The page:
OTTAWA - With global conditions weakening, Canada's economy will remain in the slow growth lane until the middle of next year, the Organization for Economic Co-operation and Development predicts in a new forecast.
The OECD projects Canada's economy will grow by 1.5 per cent in the final three months of this year, and advance only 1.8 per cent in 2013.
Next year's projection is half a point below the Bank of Canada's official forecast, although the two institutions agree that 2014 will see an improvement to 2.4 per cent growth.
STORY CONTINUES BELOW SLIDESHOW
The Northwest Territories were the only jurisdiction in Canada that saw a negative growth rate in 2011, largely due to a decline in diamond exports. Source: StatsCan Photo: Alamy
New Brunswick's economy flatlined in 2011 due to lacklustre business investment and a pull-back in government spending. Source: StatsCan Photo: Shutterstock
Business investment grew strongly but consumer spending was weak in Atlantic Canada's most populous province in 2011. Source: StatsCan Photo: Alamy
Business investment grew rapidly but foreign trade declined in Canada's smallest province in 2011. Source: StatsCan Photo: Shutterstock
Canada's most populous province didn't grow as strongly in 2011 as it did in 2010, but a big jump in imports and exports helped to keep the province in positive territory. Source: StatsCan Photo: Canadian Press
Consumer spending helped keep Quebec afloat in 2011, despite a major slowdown in business investment into the housing sector. Source: StatsCan Photo: Alamy
Heavy rains and flooding put a damper on economic growth in Manitoba in 2011, but the province still saw a significant increase in consumer demand. Source: StatsCan Photo: Alamy
Business investment in housing in B.C. in 2011 grew at double the rate of 2010, helping the province to a solid economic performance. Source: StatsCan Photo: Canadian Press
Construction for the oil, gas and mining sectors boomed in Newfoundland in 2011, helping to propel the island to one of the higher growth rates seen among Canadian provinces. Source: StatsCan Photo: Alamy
Nunvaut's 4.6 per cent growth rate in 2011 is nothing compared to its 16.6 per cent growth rate the year before, but the territory booming gold and silver mining sectors are still humming along nicely. Source: StatsCan Photo: Alamy
Growing oil exports and a housing investment boom drove Saskatchewan's economy to an impressive growth rate in 2011. Source: StatsCan Photo: Alamy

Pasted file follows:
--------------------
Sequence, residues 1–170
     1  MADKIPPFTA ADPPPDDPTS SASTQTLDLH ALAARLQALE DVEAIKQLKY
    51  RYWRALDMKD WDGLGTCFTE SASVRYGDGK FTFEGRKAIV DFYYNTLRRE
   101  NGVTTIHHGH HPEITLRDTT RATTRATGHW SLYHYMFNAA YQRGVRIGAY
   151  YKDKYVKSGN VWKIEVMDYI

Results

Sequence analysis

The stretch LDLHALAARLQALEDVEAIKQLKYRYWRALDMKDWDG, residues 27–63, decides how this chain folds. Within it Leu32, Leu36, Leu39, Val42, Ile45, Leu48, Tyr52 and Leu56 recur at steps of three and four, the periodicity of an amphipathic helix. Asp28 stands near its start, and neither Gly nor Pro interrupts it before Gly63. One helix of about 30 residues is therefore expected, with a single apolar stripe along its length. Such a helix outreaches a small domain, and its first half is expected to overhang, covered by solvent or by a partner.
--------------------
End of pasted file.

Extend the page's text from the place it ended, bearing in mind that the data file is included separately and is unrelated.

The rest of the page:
The fastest-growing province in Canada in 2011 saw its exports jump a formidable 9.2 per cent over the course of the year. Source: StatsCan Photo: Canadian Press
The Yukon hasn't been thought of as a boom region since the Gold Rush of the 19th century, but mineral exploration is still driving its economy today. At 6.5 per cent, the territory had the fastest economic growth in 2011 of any Canadian jurisdiction. Source: StatsCan Photo: Alamy
But overall, the Paris-based organization's analysis mirrors that of the Canadian central bank and that of many private sector economists in most respects.
The OECD blames weak export markets abroad, government austerity and high household indebtedness at home as the key reasons for the lacklustre projections.
But its outlook for Canada is still far stronger than for Europe, which is expected to remain in recession through most of 2013.
And Canada's growth rates are stronger than the average in the 34 nations of the OECD, which includes most of the industrialized world.
While the international organization does not see the Canadian economy slumping, it cautions that policy-makers should be prepared for shocks.
"Federal and provincial budget consolidation is needed and welcome, but if new shocks were to weaken underlying growth materially, the pace of debt reduction should be slowed," the report states.
As well, policy-makers should be prepared to rein in the mortgage purchases should the housing market heat up, although it notes it is expected to cool.
The report's outlook for the world is decidedly bleaker than for Canada, pointing out that after five years of crisis, the global economy is again weakening, and risks proliferate.
"The risk of a new major contraction cannot be ruled out," said Pier Carlo Padoan, the OECD's chief economist, citing the ongoing recession in the euro area, a below-par economy in the U.S., and a slowdown in many emerging markets.
Referring to the problems in Europe, he said it is "not difficult to imagine a situation in which something goes wrong."
If that happened, Canada would be impacted through the trade, financial market and confidence channels, the OECD said, but noted that the country is much more dependent on the U.S., whose economy is better balanced.
In fact, the OECD anticipates the U.S. will speed up faster than Canada's next year at two per cent and in 2014, at 2.8 per cent growth.
Because the U.S. is starting from further behind, Canada will still maintain an advantage in the recovery over its southern neighbour, however. For instance, the organization projects Canada's unemployment rate will fall below seven per cent by 2014, while in the U.S., it is expected to remain close to eight per cent.